By far Bulgaria’s biggest city, Sofia is one of Europe’s most compact and walkable capital cities, although it’s still one of the least known by foreign travellers. It’s usually bypassed by tourists heading to the coast or the ski resorts, but they’re missing out on something special. Sofia has a young and dynamic vibe, and is becoming a confident and cosmopolitan European capital. The east-meets-west feel is still here, with a scattering of onion-domed churches, Ottoman mosques and Red Army monuments topped with air-punching Soviet soldiers, but these days they share the skyline with glitzy shopping malls, five-star hotels and the best bars and clubs the country has to offer.
Although no grand metropolis, Sofia is nevertheless an attractive and cultured city with plenty to keep you busy for several days or more. Museums, art galleries, theatres, fine restaurants, they’re all here. Sofia is also a surprisingly green city, with huge swaths of parkland within the city boundaries and the ski slopes and hiking trails of mighty Mt Vitosha right on the doorstep.
The city has certainly developed quickly over recent years and a new affluence is apparent in the trendy international boutiques and upmarket hotels.
Alexander Nevsky Cathedral
One of the symbols not just of Sofia but of Bulgaria itself, this massive, awe-inspiring church was built between 1882 and 1912 in memory of the 200,000 Russian soldiers who died fighting for Bulgaria’s independence during the Russo-Turkish War (1877-78).
Designed by the Russian architect AN Pomerantsev, the church was built in the neo-Byzantine style and adorned with mosaics and gold-laden domes. The cavernous, incense-scented interior is decorated with naturalistic murals, pendulous chandeliers and elaborate onyx and alabaster thrones.
A door to the left of the main entrance leads to the Aleksander Nevski Crypt . It displays Bulgaria’s biggest and best collection of religious icons dating from between the 5th and 19th centuries, brought here from churches all over the country.
Alexander Nevsky Crypt Icon Museum
In the construction of St. Alexander Nevsky Cathedral the ground floor was planned to be a tomb for the Bulgarian kings. But none of the kigs was buried there ever. Therefore in 1965 the space under the church was converted into a branch of art National Art Gallery for Orthodox art .
The museum of icons inside the Alexander Nevski cathedral crypt houses what is claimed to be the largest collection of Orthodox icons in Europe. The collection of works covered a long period – the adoption of Christianity as the official religion of the Roman Empire in the fourth century to the Bulgarian National Revival (XVIII – XIX century) and is represented mainly by icons.
The exhibition includes over 200 icons from the 13th to the 19th century, three fragments of wall paintings, engravings and other antique religious artifacts.
A big impressive exposition of icons from all parts of Bulgaria is exquisitely exhibited in the crypt. Artisans and artists have worked for 30 years in order to establish the cathedral crypt where you will admire at 300 frescoes and decorative elements of marble, onyx, alabaster and gold.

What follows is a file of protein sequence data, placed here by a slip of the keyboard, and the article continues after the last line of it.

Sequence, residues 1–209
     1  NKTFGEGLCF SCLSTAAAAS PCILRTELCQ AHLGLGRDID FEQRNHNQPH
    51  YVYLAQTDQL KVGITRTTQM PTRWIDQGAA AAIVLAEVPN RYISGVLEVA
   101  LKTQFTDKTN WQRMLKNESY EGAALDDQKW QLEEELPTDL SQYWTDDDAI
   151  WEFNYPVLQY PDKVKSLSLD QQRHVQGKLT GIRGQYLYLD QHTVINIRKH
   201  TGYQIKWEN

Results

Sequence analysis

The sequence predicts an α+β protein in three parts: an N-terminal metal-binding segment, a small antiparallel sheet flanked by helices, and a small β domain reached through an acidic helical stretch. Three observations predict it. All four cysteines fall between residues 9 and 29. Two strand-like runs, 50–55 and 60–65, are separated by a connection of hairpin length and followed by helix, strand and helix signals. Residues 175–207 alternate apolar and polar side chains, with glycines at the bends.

National Archeologic Museum
The Museum of Archaeology hosts the most numerous collections in Bulgaria and its exhibitions reveal it as one of the most important centers in the country for promotion of the cultural heritage of present day Bulgaria.
It occupies the building of the largest and oldest former Ottoman mosque in the city, Büyük camii (“Grand Mosque”), built around 1474 under Mehmed II. The museum was established as a separate entity in 1893 as the National Museum with its headquarters in the former mosque that previously housed the National Library between 1880 and 1893 and a military hospital during the Russo-Turkish War (1877-1878).
The museum was officially opened and inaugurated in 1905, as by then all archaeological exhibits previously kept all over the city were moved there:
Prehistory Hall - located at the lower floor of the northern wing. It displays a collection of items dating from 1,600,000 BC to 1,600 BC. The collection is chronologically displayed and includes various findings from caves in Bulgaria, tools of the earliest humans who inhabited its modern territory, drawings, simple pottery, ritual items and many others. It subdivides into an Early, Middle and Late Paleolithic collection, Neolithic collection, Chalcolithic collection, and Bronze Age;
Treasury - displays grave inventory and other treasures from the late Bronze Age to late Antiquity. Two of the most well-known Bulgarian treasures are located here: the Valchitran and Lukovit Treasures;
Main Hall - located at the first floor of the main building. Hosts a collection of diverse items ranging from ancient Thrace, Greece and Rome to the late Middle Ages;
Medieval Section - located at the second floor of the main building. Includes a gallery of medieval books, woodwork, drawings, metal objects and other items characteristic of the era.
Adults: 10 lv / Students: 2lv.